what should old folks invest in
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Thread: what should old folks invest in

  1. #1
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    what should old folks invest in

    I have to start a rrif, so next year money will have to come out of taxprotected.
    Bloomberg says stocks only go up now cos of buybacks that make the bosses bonuses even bigger. We wont see any growth in my lifetime, just like japan for the last decades.
    The essential retirement guide is worth a read.
    The money is for when I am older a dodderier!
    So what gives a good return nowadays.
    Balanced portfolio does not make sense now
    Thanks all


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    Oops forgot to click send an email when somebody replies.
    Now I have

  3. #3
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    We've discussed strip bonds, GIC's, and REITs with you in other threads.
    Now you are asking, 'what gives a good return these days'.

    To help this thread out a bit:

    What is your RRSP/RRIF invested in now, and why don't you want to leave it invested as it is now and just make the annual minimum withdrawl from it?

    How dependent are you on the income from the RRIF? Is this income you don't really need?

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    Senior Member pwm's Avatar
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    Same question: Why do you feel you need to change your investment strategy because your RRSP is changing to a RRIF? I switched mine two years ago and the contents remained the same.

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    Quote Originally Posted by pwm View Post
    Same question: Why do you feel you need to change your investment strategy because your RRSP is changing to a RRIF? I switched mine two years ago and the contents remained the same.
    I am looking for something better than 2.5% 5yr GICs

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    Quote Originally Posted by anon125 View Post
    I am looking for something better than 2.5% 5yr GICs
    So what are you invested in now with your RRSP? Why change it (as already asked by others)?

    Without knowing what your asseet allocation now is, what I would do is slowly get more income focused, e.g. high dividend equity ETFs, REITs, bonds, and GICs. It is important to have some FI in your portfolio in the form of a short term bond ladder or 5 year GIC ladder, just so you don't have to draw on equity capital in years in which it has gone down a bunch, e.g. 10-20%.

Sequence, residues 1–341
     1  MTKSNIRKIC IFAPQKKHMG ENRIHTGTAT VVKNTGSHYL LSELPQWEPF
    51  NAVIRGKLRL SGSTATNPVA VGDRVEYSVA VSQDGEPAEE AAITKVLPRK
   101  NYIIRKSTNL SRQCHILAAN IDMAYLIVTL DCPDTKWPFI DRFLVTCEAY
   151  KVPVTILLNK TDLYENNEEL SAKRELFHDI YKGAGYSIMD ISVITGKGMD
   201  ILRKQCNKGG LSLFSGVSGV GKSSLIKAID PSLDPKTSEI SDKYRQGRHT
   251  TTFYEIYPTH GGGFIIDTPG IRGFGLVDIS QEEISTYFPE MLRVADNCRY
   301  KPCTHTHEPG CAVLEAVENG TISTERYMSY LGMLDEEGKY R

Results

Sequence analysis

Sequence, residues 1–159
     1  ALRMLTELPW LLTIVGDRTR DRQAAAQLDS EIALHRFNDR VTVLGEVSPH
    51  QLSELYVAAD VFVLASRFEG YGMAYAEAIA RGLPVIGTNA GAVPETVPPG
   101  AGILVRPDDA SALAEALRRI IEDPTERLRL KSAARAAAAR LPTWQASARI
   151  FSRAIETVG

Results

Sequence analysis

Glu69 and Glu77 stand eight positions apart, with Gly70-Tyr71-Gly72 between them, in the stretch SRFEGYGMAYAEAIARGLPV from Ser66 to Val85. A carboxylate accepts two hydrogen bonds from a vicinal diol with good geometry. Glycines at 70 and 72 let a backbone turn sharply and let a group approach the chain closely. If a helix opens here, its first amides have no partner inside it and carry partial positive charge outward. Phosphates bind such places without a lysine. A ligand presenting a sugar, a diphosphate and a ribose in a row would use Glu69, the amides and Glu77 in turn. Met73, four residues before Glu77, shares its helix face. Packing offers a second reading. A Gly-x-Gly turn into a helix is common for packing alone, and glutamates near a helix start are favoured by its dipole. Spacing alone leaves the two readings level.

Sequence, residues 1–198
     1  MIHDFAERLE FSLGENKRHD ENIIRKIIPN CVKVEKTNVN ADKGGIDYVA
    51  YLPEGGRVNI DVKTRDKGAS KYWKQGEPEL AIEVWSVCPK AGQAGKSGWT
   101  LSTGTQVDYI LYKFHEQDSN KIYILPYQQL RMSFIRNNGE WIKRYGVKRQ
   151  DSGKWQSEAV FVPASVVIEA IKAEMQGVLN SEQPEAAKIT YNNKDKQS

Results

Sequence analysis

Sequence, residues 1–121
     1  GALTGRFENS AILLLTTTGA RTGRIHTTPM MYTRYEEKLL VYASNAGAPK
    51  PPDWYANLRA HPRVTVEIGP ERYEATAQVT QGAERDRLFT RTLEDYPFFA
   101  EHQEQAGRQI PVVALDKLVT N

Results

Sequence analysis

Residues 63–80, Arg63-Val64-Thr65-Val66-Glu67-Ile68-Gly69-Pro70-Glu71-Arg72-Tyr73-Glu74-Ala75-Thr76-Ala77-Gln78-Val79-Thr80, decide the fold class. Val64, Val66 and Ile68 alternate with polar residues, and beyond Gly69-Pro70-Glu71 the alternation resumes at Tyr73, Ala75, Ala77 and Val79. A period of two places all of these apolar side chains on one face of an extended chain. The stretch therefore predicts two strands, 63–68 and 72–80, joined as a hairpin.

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    Senior Member zylon's Avatar
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    tables and chart from http://portfoliodb.theglobeandmail.com/

    I still like balanced funds, although my most recent purchase was a Bond Fund.

    A short list from the many bond funds available; sorted by MER%




    Fund with lowest MER also has highest 15-year return.




    PH&N Total Return Bond Fund handily beat the 5% Fixed Rate Index over 15 years.


    image hosting over 5mb

  9. #8
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    Quote Originally Posted by anon125 View Post
    I am looking for something better than 2.5% 5yr GICs
    GIC rates are some of the highest fixed income, low risk returns out there. We live in a low interest rate environment due to the central bank policies... that means no-risk investments have low returns.

    Quote Originally Posted by AltaRed View Post
    It is important to have some FI in your portfolio in the form of a short term bond ladder or 5 year GIC ladder
    Re-iterating this because it's a very important point. Not only is it important to have fixed income, but you need to have some of these short duration things like AltaRed mentions.

    You can also of course hold a more general bond fund, like iShares XBB, which had 5.62% annual return since inception in 2000, or the ones that zylon listed. However there's uncertainty about what these bond funds may return going forward... they do have some risk, and they may not have anywhere near those past gains and could actually decline in the short term.

    You need some GICs and short term bonds so that you don't have to liquidate other investments that may decline in short term. I believe this is why Buffett's estate will be composed of purely a stock index plus short term bonds.

    Best simple answer to all of this is a balanced fund, along with a 5 year GIC ladder.
    Last edited by james4beach; 2016-05-15 at 01:36 PM.

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    Zylon has some great examples of bond funds. I though believe there is risk in longer term bond funds and would more likely pick Mawer balanced funds as the 'goldilocks' scenario. Imagine that, all or most of the portfolio in one Mawer balanced fund.

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    Quote Originally Posted by AltaRed View Post
    Imagine that, all or most of the portfolio in one Mawer balanced fund.
    Yes I agree it's a good choice overall. I like balanced funds as a one-size-fits-all solution, and Mawer Balanced and TD Monthly Income are the best ones I know.


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